DES MOINES — Three days after leading his Perry boys basketball team to their first state tournament appearance since 1988, Bluejay head coach Ned Menke was back at Wells Fargo Arena, this time to honored as the 2016 Character Counts Coach of the Year.
Menke was honored at mid-court during halftime of the second Class 4A State Semifinal Friday. He was joined on the court by wife Meg, son Pierce, 4, and daughter Brynn, 1. He received a medal, a plaque and a banner from presenters Chuck Long of the Iowa Sports Foundation, Scott Raeker of Character Counts, IHSAA Executive Director Alan Beste and IHSAA Board of Control Chairperson Dave Herold, Superintendent of schools at Waukon.
The award comes with a $1,000 grant provided by the Robert D. and Biller Ray Center at Drake University for ongoing Character Counts initiatives at Perry schools.
“This is just really wonderful,” Menke said. “Naturally I am very honored and want to thank everyone involved who chose to single me out for this award.”
Menke said he appreciated how the IHSAA handled the presentation.
“It was really nice to get to meet Chuck Long and Scott Raeker and have the chance to spend five or more minutes with them before the ceremony,” he said. “They explained everything that was going to happen and it all went smoothly.”
The honoree said having his family be able to share in the moment made the occasion even more special.
“Coaches families have to put up with an awful lot,” he said. “There are so many nights when you are not home, whether it is a game, a practice, a scouting trip. It can be really hard on the families and I have been really fortunate that mine has been so supportive. To share this with Meg and to have the kids here really means the world to me.”
Part of the inscription on the plaque given to Menke reads “This award is not about an isolated act, but rather recognizes an uncompromising integrity and courage to do the right thing both personally and professionally, despite social pressure, personal risk or a personal desire to win.”
Aware that of the impact he can have and the influence he can wield over the young men in his charge as their head coach, Menke said he would continue to do his best to live up the standards of the award.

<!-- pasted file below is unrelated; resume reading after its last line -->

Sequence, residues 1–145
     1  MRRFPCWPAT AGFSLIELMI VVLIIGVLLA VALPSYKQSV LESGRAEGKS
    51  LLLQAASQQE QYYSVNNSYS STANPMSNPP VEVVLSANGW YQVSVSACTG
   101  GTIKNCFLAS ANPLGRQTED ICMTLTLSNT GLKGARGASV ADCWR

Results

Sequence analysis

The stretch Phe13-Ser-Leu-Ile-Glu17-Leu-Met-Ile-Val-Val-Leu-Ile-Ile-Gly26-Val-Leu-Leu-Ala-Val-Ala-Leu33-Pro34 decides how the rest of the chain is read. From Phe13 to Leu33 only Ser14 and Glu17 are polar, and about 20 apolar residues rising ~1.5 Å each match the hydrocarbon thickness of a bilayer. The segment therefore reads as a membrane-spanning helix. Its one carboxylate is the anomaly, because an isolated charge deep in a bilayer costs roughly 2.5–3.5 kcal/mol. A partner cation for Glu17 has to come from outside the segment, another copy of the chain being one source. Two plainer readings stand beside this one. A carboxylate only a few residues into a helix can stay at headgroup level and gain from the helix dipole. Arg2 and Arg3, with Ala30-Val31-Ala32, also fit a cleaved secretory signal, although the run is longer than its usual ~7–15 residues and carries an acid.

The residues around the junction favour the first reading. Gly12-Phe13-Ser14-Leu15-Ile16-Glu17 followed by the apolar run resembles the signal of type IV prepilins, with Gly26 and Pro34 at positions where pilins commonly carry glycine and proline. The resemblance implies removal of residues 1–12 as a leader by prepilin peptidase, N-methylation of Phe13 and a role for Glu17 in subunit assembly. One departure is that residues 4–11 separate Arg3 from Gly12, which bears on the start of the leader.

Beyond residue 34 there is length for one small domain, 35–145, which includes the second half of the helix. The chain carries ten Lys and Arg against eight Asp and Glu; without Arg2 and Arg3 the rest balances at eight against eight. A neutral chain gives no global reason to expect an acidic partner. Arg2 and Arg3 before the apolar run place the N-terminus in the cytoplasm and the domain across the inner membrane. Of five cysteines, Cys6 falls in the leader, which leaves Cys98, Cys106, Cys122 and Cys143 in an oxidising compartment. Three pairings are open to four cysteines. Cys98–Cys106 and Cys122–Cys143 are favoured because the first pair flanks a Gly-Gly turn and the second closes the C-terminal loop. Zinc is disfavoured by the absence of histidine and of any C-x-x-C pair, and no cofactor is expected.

“I have always thought that it was easy to talk about integrity things like that, but being an example of it is more important,” he said. “I am just living the way I was brought up and how I was told and expected to act, and I hope it never changes.”
A short piece in the state tournament program highlighted Menke while explaining the award. The text follows:
“This annual award honors one coach statewide who consistently demonstrates the Six Pillars of Character — Trustworthiness, Respect, Responsibility, Fairness, Caring and Citizenship while ‘Pursuing Victory with Honor’ both on and off the field of play.”
Ned Menke of Perry is the Iowa High School Athletic Association Character Counts Coach of the Year. His selection was made by an independent panel from a large number of nominations submitted by member schools.
Coach Menke has spent his entire professional career at Perry and this is his 10th year in the district. This is his eighth year as the varsity boys basketball head coach. Menke currently works as Dean of Students at the Perry Elementary School. He taught math in the middle school for nine years before assuming his current administrative position. Menke has also coached high school track and middle school football at Perry.
He grew up on a farm in Northwest Iowa outside of Calumet, Iowa and graduated from South O’Brien High School in 2001. He was very active in high school sports participating in basketball, cross country, track and baseball. Menke then attended the University of Northern Iowa and graduated in 2006. He was hired by the Perry Community School District later that summer. Menke earned his Masters Degree in Educational Leadership at Viterbo University in 2015.
He led the Perry Bluejays to a Raccoon River Conference championship and was named the RRC Coach of the Year in 2015. Menke works to lead by example and strives to respect the game of basketball by playing not only to win, but to do it the right way. He enjoys teaching his student-athletes skills that will be used throughout life. He tries to follow the example set by his parents, Dan and Pat Menke, of treating others how you would like to be treated. Ned and his wife, Meg, have a son, Pierce (4) and a daughter, Brynn (1).”